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    Banners are displayed during a protest by Anti-Brexit campaigners, Borders Against Brexit, against Britain's vote to leave the European Union, at the border town of Carrickcarnon in Ireland October 8, 2016.

    ‘Brexit Means Brexit’: Ireland Border Issue Not a 'Tautology' - Analyst

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    Following Labor leader Jeremy Corbyn's protest against any Brexit deal that includes a return to a hard border with Ireland, Sputnik spoke to Mick Fealty, political analyst and founding editor of the Northern Ireland-based blog Slugger O'Toole for more insights into the issue.

    Sputnik: Today Labour Party Leader, Jeremy Corbyn, has stated that the British Labour Party will not support any Brexit deal that includes a return to a hard border. How significant is this?

    Mick Fealty: This [statement] is entirely consistent with Jeremy’s views of the Northern Ireland problems which firmly shares its perspective of that of Irish Republicans, and in fact there is some truth to what he says in the sense that a united Ireland is certainly very popular in the option in the republic, where all the mainstream parties share that view. There are no significant political parties that are unionist in any shape or form.

    The problem is the same now as it was at the point when the partition was come up worth in the sense that it’s not popular enough in Northern Ireland to make it happen. We know this from a MORI poll from Queens University of Belfast which shows that Unionism is still by the far most popular option in Northern Ireland.


    Sputnik: Does this rule out the British Government creating a hard Irish border?

    Mick Fealty: One of thing important to note about the whole Brexit conversation is the looseness of the terms being used. When Theresa May says: ‘Brexit means Brexit’, it’s a tautology.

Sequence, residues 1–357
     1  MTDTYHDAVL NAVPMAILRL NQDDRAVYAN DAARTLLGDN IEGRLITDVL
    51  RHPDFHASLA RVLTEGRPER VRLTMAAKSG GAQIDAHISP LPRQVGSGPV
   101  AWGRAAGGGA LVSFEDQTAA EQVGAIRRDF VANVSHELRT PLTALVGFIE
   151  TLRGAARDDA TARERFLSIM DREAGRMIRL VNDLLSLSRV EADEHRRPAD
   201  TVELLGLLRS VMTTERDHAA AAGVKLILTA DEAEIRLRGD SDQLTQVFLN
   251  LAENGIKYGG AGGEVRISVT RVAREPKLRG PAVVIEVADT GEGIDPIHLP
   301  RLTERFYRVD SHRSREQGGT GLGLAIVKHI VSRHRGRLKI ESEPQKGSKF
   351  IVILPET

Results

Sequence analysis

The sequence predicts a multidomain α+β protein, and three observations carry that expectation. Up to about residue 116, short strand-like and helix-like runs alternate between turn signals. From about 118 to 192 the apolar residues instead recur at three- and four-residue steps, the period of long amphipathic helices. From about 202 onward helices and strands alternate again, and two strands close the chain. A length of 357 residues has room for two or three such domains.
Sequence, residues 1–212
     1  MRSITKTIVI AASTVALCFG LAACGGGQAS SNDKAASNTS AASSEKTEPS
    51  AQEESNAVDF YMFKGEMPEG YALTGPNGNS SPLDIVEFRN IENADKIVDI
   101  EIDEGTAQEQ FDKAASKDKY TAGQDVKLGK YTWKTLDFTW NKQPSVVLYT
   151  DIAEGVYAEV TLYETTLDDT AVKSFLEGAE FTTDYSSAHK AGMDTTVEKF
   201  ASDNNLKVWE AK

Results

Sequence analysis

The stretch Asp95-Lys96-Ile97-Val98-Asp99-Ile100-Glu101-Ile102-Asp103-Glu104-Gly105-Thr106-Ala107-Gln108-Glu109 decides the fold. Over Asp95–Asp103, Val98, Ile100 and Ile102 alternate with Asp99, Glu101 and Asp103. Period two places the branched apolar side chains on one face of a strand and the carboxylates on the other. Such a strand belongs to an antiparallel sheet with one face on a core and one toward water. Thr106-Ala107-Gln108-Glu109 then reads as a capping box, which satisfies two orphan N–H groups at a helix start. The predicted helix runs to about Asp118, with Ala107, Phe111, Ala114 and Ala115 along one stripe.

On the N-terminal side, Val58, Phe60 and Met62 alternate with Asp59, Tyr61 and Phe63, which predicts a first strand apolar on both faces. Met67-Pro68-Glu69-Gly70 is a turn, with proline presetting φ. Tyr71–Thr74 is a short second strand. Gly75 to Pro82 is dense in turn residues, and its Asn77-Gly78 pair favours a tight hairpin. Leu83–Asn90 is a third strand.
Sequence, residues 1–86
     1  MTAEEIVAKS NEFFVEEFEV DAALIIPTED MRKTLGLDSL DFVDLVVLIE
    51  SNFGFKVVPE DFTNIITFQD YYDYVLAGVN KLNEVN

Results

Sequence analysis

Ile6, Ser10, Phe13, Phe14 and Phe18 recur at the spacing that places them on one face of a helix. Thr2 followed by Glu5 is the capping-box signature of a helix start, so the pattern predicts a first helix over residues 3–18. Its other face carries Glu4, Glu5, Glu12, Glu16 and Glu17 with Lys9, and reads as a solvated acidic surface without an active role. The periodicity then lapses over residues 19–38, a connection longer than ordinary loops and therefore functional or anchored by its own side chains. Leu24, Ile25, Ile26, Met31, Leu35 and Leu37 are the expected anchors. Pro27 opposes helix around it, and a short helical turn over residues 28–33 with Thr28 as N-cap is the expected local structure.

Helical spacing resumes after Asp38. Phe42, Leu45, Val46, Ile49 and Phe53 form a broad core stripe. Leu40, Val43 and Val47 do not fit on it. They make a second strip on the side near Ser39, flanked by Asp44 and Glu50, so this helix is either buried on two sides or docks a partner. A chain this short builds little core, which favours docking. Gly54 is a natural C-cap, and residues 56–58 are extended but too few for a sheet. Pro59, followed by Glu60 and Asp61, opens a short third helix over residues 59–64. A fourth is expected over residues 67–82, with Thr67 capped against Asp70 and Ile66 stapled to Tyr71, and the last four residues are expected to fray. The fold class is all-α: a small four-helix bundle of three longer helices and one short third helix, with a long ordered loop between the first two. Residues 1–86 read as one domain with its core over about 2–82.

Brexit means what it says on the tin and that’s the UK leaving the EU. That’s all we need to qualify the term Brexit. If that’s all it means and in effect the UK remains in the Single Market and the Customs Union, then not a lot will change in terms of trade. Now if that politically tenable for Theresa May, I don’t know but what I do know is that in Northern Ireland we have Democratic Unionist Party (The DUP) which was the UKIP party, the only mainstream British party that was that unambiguously in favor of Brexit.

    The Brexit the need to satisfy their voters is one that creates the least amount of disruption to the problems closest to the United Kingdom that has a land border with the European Union. Even the pro-Brexit DUP need some sort of soft Brexit to get it past their voters.


    Sputnik: Following the Brexit referendum, Northern Ireland as a majority to vote to remain within the European Union, with Scotland doing the same. What we’re seeing now are murmurs of a second independence referendum… Could we see a similar piece of referenda in North Ireland for a united Ireland?

    Mick Fealty: The polling data does not support a decision by the secretary of state or the UK government for the calling of a border poll, which the short hand for a joint referendum of North and South, its simply not there. Even in the case of a hard Brexit, barely 53% of Catholics in Northern Ireland would vote for a united Ireland.

    Those are really quite poor figures. In Scotland there is a greater possibility of it happening because the margins were so small last time round, but my suspicion is that, particularly with the rise of the conservative north of the border and the loss of ground and failure of the SNP to move forward, shows that perhaps that appetite for independence will wait until Brexit will be, not as how we think it might be, unwinds itself and we get a genuine sense of what the real outcomes are for people.

    The views and opinions expressed by Mick Fealty are those of the speaker and do not necessarily reflect those of Sputnik.

     

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    Tags:
    hard border, protest, customs, Brexit, Mick Fealty, Jeremy Corbyn, Theresa May, United Kingdom, Ireland
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